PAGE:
Initially, installation of the software and hardware needed for the experiment required two hours. Over time, the technicians were able to reduce this installation time to about one hour. A hot-line service was installed for user problems; it turned out that most calls were related to application software configuration (mail or browser), not to the network itself.
A study was performed using the proxy server's log file. An analysis was performed of the probability distribution of the times between successive requests of the same user. The corresponding histogram is shown below.
Analysis of these distributions led us to consider an inactive period longer than 1,000 seconds as a new connection. Using this definition, the average connection time was 55 minutes.
MulticablE use was daily and heavy. Use of the Internet services was very high (85%) compared to proprietary online service use. It was recreation-oriented. After eliminating search engines, browser company home pages, and other toolbox sites from the statistics, the top three sites were as follows:
These are the leading subject areas in pay-TV subscriptions in France. The hours of heaviest usage also coincided with TV-audience viewing patterns.
The "user-friendly" interface quickly showed its limitations; within a few days, users mastered search engine operation on the Internet and got bored with the interface design. However, they were grateful to have it, for it succeeded in dispelling the notion that the Internet was too complex, initially fostered by the French press.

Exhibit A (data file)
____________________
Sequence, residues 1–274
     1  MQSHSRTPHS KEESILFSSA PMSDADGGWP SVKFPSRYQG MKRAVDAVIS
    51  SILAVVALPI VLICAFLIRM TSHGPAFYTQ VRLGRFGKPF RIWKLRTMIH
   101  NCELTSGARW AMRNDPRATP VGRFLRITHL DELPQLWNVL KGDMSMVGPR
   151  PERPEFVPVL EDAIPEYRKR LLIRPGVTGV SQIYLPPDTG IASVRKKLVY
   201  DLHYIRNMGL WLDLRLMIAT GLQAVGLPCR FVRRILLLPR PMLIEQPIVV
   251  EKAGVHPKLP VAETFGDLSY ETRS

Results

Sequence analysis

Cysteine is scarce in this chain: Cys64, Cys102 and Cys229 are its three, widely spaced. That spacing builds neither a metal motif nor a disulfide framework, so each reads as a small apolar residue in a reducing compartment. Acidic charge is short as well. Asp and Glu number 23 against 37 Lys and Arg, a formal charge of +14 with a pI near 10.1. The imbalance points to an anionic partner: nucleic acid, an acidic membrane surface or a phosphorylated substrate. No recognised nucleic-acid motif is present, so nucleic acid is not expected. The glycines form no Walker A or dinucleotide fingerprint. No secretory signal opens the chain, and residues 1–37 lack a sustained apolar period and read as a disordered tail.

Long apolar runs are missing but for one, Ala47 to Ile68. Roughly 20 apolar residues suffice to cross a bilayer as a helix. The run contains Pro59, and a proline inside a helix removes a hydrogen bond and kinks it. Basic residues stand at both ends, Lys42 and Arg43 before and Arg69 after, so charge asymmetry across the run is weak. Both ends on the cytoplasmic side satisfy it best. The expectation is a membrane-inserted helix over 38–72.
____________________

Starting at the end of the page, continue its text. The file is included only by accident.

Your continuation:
The most common user was 35 to 50 years old. We noticed that, on an average, the number of users per PC increased by one during the test period. The service was used most frequently by two or more family members. The participants mentioned, among the advantages of this kind of access, speed, permanent connection, flat monthly rate, and availability of the telephone line for regular use.
Network performance was quite impressive. The maximum throughput of the network was limited mainly by the PC itself or by the source site. The noise impact, feared to be the most critical issue, did not appear to be troublesome. The only cases of annoying noise were generated by cable modem emissions far above specifications. This early problem was solved through software upgrades.